As the Taliban tighten control across Afghanistan and the Pentagon scrambles to fly thousands of stranded US citizens and Afghan allies out of Kabul, veteran American diplomat Ryan Crocker is blaming successive US administrations for what he calls a “surrender” to the militant group.
Mr Crocker, who spent 40 years in the US foreign service and served as ambassador to Afghanistan between 2011 and 2012, sees Kabul's fall to the Taliban on August 15 as a culmination of mistakes by US policymakers since September 2019, when former president Donald Trump approved direct talks with the militants in Doha.
What followed in February 2020 was a total US withdrawal deal that excluded President Ashraf Ghani's government while granting broad concessions to the Taliban.
The “Taliban had a consistent position; they've been saying they're ready to talk to us, but not with our Afghan puppets [the Kabul government] in the room,” Mr Crocker said, speaking to The National from his native Washington state.
“By conceding on that point, what [former] president Trump is telling us is that these are not peace negotiations, these are surrender talks.”
He compares them to the 1973 Paris Peace Accords that officially ended America's involvement in the Vietnam War two years before the North Vietnamese victory.
The Doha deal “completely delegitimised the [now-collapsed Afghan] government and its security forces, forced it to release 5,000 Taliban prisoners who rejoined the fight, and it was absolutely predictable,” said the former ambassador, whose career included ambassadorships in Iraq, Syria, Pakistan and other countries.
When President Joe Biden took office in January, he only “made it worse,” Mr Crocker said.
“He completely embraced Mr Trump's policy, he continued with his [Afghanistan] envoy Zalmay Khalilzad, and he came to take ownership of this completely flawed process.”
By retaining Mr Khalilzad and announcing a hard timeline for withdrawal, “Mr Biden was basically saying, 'I am Donald Trump'".
Asked whether it was inevitable the US would have had to strike a deal with the Taliban eventually, given 20 years of failed efforts to defeat them and to build a self-sustaining central government, Mr Crocker disagreed.
“It's a completely false argument. When I left Afghanistan as ambassador in 2012, we had almost 100,000 troops on the ground. The Taliban controlled no provincial capitals and we engaged in a steady drawdown of our forces. So that when president Obama left office in 2017, we were a little over the 10,000 mark,” he said.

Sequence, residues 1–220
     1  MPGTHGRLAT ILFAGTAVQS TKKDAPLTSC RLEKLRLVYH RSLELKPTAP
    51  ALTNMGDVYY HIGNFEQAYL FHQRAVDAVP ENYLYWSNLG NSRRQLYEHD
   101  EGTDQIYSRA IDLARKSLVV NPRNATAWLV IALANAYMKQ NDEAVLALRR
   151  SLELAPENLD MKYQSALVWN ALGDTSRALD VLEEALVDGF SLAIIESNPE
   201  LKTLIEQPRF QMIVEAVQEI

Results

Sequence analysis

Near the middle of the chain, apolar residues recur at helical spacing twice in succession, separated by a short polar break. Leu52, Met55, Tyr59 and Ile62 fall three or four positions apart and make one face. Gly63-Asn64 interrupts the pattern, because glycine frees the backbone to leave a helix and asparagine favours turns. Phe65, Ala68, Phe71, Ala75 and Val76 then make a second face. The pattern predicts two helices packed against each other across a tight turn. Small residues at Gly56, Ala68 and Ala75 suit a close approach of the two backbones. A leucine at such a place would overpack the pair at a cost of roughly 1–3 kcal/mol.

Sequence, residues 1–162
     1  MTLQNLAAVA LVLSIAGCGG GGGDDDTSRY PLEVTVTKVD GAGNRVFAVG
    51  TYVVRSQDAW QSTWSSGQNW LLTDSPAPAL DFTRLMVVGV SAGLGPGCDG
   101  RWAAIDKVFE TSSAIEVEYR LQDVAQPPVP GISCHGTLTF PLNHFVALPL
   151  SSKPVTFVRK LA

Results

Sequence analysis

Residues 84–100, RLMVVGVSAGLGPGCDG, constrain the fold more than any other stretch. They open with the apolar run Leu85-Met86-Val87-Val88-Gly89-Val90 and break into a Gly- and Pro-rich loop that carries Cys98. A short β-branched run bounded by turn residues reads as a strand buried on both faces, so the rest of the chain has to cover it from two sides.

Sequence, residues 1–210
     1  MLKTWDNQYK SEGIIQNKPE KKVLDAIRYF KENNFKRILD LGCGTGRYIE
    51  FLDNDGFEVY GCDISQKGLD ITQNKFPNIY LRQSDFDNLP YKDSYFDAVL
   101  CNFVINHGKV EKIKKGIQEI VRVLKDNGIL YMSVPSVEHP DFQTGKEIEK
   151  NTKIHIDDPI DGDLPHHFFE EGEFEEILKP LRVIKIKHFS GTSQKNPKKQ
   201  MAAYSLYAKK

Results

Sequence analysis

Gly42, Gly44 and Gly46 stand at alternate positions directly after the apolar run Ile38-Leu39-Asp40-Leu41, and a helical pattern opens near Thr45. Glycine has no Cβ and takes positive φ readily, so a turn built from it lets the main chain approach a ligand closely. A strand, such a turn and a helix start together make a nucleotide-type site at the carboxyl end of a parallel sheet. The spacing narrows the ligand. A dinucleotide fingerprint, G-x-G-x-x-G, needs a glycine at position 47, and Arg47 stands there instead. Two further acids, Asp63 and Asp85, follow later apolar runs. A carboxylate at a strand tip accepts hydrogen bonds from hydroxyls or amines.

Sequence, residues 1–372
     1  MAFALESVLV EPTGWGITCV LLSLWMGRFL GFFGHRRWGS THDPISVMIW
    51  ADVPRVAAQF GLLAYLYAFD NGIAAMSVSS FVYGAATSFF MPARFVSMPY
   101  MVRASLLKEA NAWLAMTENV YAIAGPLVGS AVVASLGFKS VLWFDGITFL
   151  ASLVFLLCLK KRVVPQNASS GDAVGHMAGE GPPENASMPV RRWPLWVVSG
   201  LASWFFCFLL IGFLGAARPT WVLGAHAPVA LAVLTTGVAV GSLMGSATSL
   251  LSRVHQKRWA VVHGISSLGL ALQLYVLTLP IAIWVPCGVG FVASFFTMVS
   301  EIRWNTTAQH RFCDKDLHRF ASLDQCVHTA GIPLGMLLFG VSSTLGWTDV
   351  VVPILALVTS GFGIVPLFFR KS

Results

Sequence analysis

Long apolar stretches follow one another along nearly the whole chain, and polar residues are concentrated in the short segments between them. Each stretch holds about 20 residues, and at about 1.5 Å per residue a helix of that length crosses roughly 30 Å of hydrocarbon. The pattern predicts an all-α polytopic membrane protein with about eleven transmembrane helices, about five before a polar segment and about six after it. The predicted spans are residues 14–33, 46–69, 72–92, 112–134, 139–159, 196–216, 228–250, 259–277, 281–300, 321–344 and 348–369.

“We changed the mission of our forces during the Trump administration. They have not been in a direct combat role for several years now. We got down to around 5,000 and the Taliban still did not control a single provincial capital. We were by no means forced into this — we chose to go there.”
Maintaining the status quo by leaving a few thousand US troops was a “cheap insurance policy” at preventing another September 11-style attack on the American homeland, he said.
That attack was planned from Afghanistan by Al Qaeda, who were sheltered under the Taliban, prompting the US-led invasion.
With the Taliban now back in power, an Al Qaeda resurgence is a real threat, Mr Crocker said, while rebuffing notions the militant group will “moderate” some of its hard-line stances.
“It’s a problem from hell. We have severely degraded our ability to find out what they might be doing because of pulling out like this. We're not going to have the intelligence resources … and we have no idea what the Taliban are going to do,” he said.
The former diplomat pointed to divisions within the Taliban between fighters on the ground and officials in Doha, making the situation even harder to read.
“It's going to be a really interesting ride as they figure out their own way forward. Based on history, it’s not going to be one we'd all like.”
Mr Crocker sees the prospects of Afghanistan descending into civil war as “still a possibility” and contends “there are no good options, there are no good choices, and there are no good outcomes".
Further, Mr Biden’s handling of the crisis raises questions “on his fitness to be commander in chief,” Mr Crocker said.
“President Biden inherited a very bad hand from Trump and then made it worse.”
He added that Mr Biden “has already betrayed his own vision for his presidency".
“He said that ‘America is back’, that we will rebuild and strengthen our alliances with Nato and elsewhere, we will put the emphasis on diplomacy, not on military force. And what did he do? He unilaterally announced to complete the withdrawal without consulting with Nato. He set in motion a policy that could lead to another tidal wave of refugees hitting Europe,” Mr Crocker said.
“We have shown the world again: don’t count on us. We won't be there when you need.”